During the first-ever Green Day at the International Builders' Show, it's no surprise that two surveys -- one from the NAHB and one from a major consumer publication -- showed that home buyers and owners are clamoring for green options.

Nearly three-fourths of homeowners in the national NAHB survey said that energy-efficient features would most influence their decision to purchase a home. Of the more than 2,300 homeowners in the survey, 51 percent said they would pay $5,000 to $11,000 more upfront for a new house if they could save on their utility bills. Sixteen percent said they would pay more than $11,000.

"They are asking for energy-efficient features," said Gopal Ahluwalia, staff vice president, research for the NAHB, during the Feb. 14 session on consumer trends. "This is new."

A high level of insulation, Energy Star-rated windows, and energy-saving equipment were ranked among the top 10 must-have features by survey respondents. "When we asked about green, [the answers] come back to energy efficiency," said Ahluwalia. "There, builders are doing a good job."

Builders are on the right track, added another presenter. "Energy efficiency is the place consumers will start" when it comes to greening their homes, said Gayle Butler, editor-in-chief of Better Homes and Gardens magazine.

Mothers with small children also contend that indoor air quality is a great concern, Butler said.

In another survey conducted by Better Homes and Gardens, 57 percent of respondents said they wanted their builders to provide green options, explain what they are, how much they cost, and then let the buyers choose which ones they want.

But it's not Generations X and Y that are shouting for green attributes, said the editor. "People are mistaken that the younger generation is heading the green movement," the editor said. "Baby boomers are very interested in green. They want to leave a legacy and they have the money to do it."

Nevertheless, Ahluwalia noted that homeowners in the NAHB study contradicted themselves when they said they wanted more living space and higher ceilings. Also, homeowners still are willing to accept longer commutes to work for bigger houses, although the researcher said: "With gas prices going up, there could be some serious changes."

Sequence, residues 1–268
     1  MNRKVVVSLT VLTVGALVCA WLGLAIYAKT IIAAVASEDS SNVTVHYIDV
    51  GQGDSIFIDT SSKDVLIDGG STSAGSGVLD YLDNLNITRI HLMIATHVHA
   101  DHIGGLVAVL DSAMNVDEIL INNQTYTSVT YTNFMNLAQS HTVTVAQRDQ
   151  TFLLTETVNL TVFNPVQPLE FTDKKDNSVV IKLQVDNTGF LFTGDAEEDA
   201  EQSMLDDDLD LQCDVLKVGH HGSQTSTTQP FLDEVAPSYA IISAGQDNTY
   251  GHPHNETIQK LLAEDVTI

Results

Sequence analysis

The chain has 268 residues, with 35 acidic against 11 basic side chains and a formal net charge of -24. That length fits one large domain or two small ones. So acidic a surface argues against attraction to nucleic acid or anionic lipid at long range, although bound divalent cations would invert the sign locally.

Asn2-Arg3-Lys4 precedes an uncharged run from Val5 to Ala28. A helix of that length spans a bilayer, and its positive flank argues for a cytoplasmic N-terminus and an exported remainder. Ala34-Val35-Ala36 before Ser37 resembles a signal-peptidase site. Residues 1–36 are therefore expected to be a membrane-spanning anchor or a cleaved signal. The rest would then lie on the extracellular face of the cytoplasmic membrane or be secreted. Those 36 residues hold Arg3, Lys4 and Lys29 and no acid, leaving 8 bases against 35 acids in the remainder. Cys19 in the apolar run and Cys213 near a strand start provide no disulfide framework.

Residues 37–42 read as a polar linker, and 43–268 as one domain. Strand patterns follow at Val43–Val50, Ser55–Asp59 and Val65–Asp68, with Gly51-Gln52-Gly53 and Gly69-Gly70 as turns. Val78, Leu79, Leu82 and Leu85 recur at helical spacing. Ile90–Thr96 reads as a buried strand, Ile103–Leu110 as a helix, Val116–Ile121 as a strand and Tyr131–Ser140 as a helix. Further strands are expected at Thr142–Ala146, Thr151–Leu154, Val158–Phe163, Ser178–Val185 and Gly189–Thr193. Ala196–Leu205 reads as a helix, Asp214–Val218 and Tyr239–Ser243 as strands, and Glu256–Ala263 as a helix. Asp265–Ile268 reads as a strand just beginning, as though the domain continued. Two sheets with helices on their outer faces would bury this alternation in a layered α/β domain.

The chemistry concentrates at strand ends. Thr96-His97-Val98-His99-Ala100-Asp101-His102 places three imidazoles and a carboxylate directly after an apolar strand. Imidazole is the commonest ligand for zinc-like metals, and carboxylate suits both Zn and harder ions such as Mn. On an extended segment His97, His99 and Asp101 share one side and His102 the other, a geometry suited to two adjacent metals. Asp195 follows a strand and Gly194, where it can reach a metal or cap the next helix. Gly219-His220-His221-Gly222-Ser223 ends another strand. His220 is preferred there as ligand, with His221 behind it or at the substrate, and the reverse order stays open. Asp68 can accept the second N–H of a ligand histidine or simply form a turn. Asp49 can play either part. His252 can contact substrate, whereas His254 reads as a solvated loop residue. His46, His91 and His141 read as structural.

Besides green attributes, respondents in the magazine study said they craved a growing number of outdoor features. "Access to the outside is key from the kitchen," Butler added.

In the Better Homes and Gardens survey of more than 2,000 readers in January, 40 percent said that the yard and outdoor living are almost as important as the inside of their houses. Ahluwalia concurred with these findings.

Other results of the NAHB survey showed that 28 percent of all homes built in 2007 included three or more bathrooms and 38 percent contained four or more bedrooms.

Likewise, 51 percent of new homes had one or more fireplaces, and a majority of home buyers were seeking 8-, 9-, or 10-foot ceilings on the first and second floors. "A fireplace is expected in the house, but now they are asking for them inside and outside the house," Ahluwalia added.

The most popular kitchen features in the NAHB report included a walk-in pantry, island work area, built-in microwave, water filtration, and special-use storage. In the Better Homes and Gardens survey, 70 percent said what excites them about buying a new home is a new kitchen. "The kitchen is not just a room; it's an experience," Butler explained.

Better Homes and Gardens readers said they wanted more separation between the kitchen and family room, bench seating close to the cooking area, an organizing desk, and a computer workstation so moms can closely supervise their kids.As for bath features, the most popular in the NAHB study were a linen closet, exhaust fan, water temperature control, a separate shower enclosure, a whirlpool tub, and ceramic tile.

High-tech amenities that will become standard in the American home include a security system, energy management system, and lighting controls, the NAHB study showed. "Women say they can't get a good night sleep, so pay attention to climate control, light control, and noise control," Butler told the builders in the audience.

Meanwhile, home buyers crave color, with 70 percent saying that they paint their rooms after moving into a new house. "Bathrooms will remain white, but other parts of the house want more color," Ahluwalia said.

The NAHB report stated that the average size of a home built last year was 2,512 square feet, compared with 1,660 square feet in 1973. Fifty-seven percent of new dwellings were two or more stories, compared with 23 percent 25 years ago.

Specialty spaces are becoming more important, Butler said, especially the mudroom, separate laundry rooms, and cozy spaces for kids' projects. Meanwhile, more than two-thirds of baby boomers think they will need space for adult children and aging parents, Butler said.

At the same time, other rooms are becoming obsolete. "In the next 10 years, the living room will be history in houses less than 3,000 square feet," said the NAHB official.

On a final -- and positive -- note, Butler told the crowd of mostly builders that only 13 percent of the readers in her magazine's survey said they would not buy a home because of the current market conditions.